Exactly, Wildcat! I love seeing what I can do in those gaps. Despite
the fact that I find a lot of on-screen events implausible, I *do* enjoy
working around them, having fun with that. Seeing new ways to interpret
things.

--laura

Laura Jacquez Valentine

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Mar 25, 2000, 3:00:00 AM3/25/00
to

> Date: Sun, 16 Jan 2000 20:23:05 -0000
> From: "skazki" <ska...@globalnet.co.uk>


>
> From: "skazki" <ska...@globalnet.co.uk>
>
> >
> > The only thing I can figure is that OSO, like Dog Tags, violates some
> > nearly universal assumption. I can't figure out what, but I suppose
> > it's there...
>
> I agree with Laura that her OSO violates assumption, not canon The mental
> adjustment I make before reading an OSO story is 'here Spock is not
> inexperienced, and is sexually pro-active, whereas in most things I read,
> he's relatively (not completely) inexperienced, and makes the second move,
> not the first'.

Huh. It hadn't occurred to me that that might be the assumption I was
violating, despite the fact that I've *discussed* this very assumption
with Mary Ellen on more than one occasion. It never occurred to me that
it was a strong enough assumption that it required mental adjustment, or
if it did, I didn't think about it long enough for the thought to
imprint itself on my mind.

> The mental adjustment I make before reading OSO2 stories is to print them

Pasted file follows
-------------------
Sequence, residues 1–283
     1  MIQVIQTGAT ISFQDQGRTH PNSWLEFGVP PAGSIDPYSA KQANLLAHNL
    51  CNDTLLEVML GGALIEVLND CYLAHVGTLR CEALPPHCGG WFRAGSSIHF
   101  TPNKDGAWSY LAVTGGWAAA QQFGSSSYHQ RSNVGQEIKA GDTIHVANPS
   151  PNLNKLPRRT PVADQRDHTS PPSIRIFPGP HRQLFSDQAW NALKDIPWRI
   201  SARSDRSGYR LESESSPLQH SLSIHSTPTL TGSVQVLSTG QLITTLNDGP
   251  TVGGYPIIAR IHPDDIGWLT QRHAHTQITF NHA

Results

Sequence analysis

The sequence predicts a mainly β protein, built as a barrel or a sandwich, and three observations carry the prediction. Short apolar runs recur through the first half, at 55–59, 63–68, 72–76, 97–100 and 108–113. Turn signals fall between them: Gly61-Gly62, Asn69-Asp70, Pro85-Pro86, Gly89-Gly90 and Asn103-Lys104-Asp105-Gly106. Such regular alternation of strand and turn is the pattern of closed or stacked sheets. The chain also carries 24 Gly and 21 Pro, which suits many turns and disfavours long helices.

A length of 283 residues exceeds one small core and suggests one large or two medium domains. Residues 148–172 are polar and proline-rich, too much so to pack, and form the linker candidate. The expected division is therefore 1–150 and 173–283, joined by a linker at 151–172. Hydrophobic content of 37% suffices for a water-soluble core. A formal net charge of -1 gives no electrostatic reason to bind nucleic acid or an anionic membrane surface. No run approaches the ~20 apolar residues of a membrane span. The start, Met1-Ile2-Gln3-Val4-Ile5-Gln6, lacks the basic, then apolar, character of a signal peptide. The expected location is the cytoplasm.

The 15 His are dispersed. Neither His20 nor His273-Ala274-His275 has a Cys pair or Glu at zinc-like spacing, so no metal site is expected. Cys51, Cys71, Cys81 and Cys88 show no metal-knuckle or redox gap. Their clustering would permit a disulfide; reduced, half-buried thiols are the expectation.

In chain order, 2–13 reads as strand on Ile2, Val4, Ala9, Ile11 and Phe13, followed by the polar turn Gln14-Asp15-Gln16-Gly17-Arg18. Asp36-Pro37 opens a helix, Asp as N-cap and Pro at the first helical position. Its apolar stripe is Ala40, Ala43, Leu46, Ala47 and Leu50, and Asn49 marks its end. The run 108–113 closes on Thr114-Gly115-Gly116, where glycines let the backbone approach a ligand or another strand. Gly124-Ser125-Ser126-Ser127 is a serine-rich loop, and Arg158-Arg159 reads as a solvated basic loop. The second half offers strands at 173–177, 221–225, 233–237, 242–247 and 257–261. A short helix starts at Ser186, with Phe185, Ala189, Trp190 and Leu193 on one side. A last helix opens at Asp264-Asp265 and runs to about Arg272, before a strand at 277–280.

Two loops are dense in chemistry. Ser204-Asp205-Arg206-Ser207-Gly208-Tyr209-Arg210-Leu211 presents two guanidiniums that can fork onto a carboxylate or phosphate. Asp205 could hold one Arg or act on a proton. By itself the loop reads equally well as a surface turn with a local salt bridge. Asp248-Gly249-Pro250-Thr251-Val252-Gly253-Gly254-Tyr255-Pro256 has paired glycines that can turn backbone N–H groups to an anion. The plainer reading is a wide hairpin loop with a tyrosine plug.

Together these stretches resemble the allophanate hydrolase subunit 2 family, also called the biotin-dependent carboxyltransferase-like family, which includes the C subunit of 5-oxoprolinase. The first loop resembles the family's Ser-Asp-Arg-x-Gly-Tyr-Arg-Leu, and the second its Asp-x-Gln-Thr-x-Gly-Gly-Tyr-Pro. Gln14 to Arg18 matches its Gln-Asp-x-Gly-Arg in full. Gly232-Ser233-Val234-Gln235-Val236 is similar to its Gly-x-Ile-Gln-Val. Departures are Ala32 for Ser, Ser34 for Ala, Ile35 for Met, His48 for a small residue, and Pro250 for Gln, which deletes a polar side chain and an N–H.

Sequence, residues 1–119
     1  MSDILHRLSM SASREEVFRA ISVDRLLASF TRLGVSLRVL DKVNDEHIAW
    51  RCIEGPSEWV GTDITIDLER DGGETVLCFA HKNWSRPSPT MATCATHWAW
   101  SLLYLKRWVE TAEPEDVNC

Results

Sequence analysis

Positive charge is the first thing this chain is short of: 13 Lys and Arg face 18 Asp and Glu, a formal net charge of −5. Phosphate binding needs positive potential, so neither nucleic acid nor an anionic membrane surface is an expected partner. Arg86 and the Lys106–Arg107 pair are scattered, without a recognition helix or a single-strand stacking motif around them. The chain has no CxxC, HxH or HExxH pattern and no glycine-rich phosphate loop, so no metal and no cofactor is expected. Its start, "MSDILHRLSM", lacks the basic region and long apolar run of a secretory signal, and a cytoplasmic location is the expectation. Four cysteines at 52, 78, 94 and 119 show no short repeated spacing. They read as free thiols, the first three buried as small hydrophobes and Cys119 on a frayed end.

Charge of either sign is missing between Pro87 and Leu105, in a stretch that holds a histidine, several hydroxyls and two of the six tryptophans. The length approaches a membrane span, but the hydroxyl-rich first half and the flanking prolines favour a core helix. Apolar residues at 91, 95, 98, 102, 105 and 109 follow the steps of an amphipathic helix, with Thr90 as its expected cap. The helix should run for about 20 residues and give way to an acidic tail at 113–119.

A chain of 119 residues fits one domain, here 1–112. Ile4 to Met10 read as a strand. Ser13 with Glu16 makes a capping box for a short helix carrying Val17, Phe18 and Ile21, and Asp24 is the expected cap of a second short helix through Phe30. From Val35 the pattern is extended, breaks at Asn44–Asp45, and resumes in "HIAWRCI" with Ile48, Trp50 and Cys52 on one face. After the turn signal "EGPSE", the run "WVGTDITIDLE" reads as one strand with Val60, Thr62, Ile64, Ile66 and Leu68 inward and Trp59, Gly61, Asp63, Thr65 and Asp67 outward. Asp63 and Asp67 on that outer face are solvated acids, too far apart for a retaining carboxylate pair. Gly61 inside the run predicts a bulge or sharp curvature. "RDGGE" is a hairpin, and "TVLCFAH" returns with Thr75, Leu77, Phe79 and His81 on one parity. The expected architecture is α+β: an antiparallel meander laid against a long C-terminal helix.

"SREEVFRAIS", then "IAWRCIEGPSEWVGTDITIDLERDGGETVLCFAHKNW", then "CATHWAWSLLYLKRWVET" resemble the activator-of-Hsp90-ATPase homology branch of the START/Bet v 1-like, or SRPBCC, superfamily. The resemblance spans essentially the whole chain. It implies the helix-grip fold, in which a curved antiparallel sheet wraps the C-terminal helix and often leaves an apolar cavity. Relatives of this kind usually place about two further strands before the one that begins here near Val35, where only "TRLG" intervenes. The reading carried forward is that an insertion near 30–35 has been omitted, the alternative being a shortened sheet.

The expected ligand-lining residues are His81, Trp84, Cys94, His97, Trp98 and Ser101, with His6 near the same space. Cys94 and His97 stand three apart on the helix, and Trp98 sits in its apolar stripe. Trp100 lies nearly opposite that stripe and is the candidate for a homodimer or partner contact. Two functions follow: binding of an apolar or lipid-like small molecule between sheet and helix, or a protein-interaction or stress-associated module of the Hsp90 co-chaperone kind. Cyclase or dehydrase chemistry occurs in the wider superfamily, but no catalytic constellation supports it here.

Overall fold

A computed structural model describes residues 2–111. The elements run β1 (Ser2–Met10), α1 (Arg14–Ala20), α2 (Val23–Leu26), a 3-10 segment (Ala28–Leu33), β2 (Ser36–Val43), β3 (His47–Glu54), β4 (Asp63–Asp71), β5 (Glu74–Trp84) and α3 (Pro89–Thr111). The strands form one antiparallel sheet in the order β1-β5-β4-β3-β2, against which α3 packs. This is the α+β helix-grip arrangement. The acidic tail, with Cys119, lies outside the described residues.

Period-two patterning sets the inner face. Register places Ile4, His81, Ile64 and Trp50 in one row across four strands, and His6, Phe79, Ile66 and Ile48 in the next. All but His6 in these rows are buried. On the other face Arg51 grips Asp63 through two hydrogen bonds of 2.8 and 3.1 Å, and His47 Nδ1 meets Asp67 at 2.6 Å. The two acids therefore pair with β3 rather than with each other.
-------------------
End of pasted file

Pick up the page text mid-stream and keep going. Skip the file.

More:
> out, open a beer, get really comfortable and prepare to enjoy a serious
> treat, but there again, it's only an assumption that she seems to me to be
> disregarding.

Hehe. I'm tempted to write a long, meandering, pointless mush-fest
now. I won't, because I'd probably vomit halfway through--I don't *do*
mush--but I do need to work on the next OSO2 tale.

Wildcat

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Mar 25, 2000, 3:00:00 AM3/25/00
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--- Laura Jacquez Valentine <jacq...@andrew.cmu.edu>
wrote:

> Now, I'm currently having an ISSUE. It's an ISSUE
> I've had in the past,
> and it's this: I write some things that people seem
> to consider A/U.
> They, in fact, are *not* A/Us.

I agree! They aren't a/u's. You've done a very
artful job of never contradicting anything we ever saw
on screen. To me, that's a big challenge, and a lot
of the fun of writing Trek.

Wildcat

=====
http://members.tripod.com/~TSU_Campus/Wildcat.html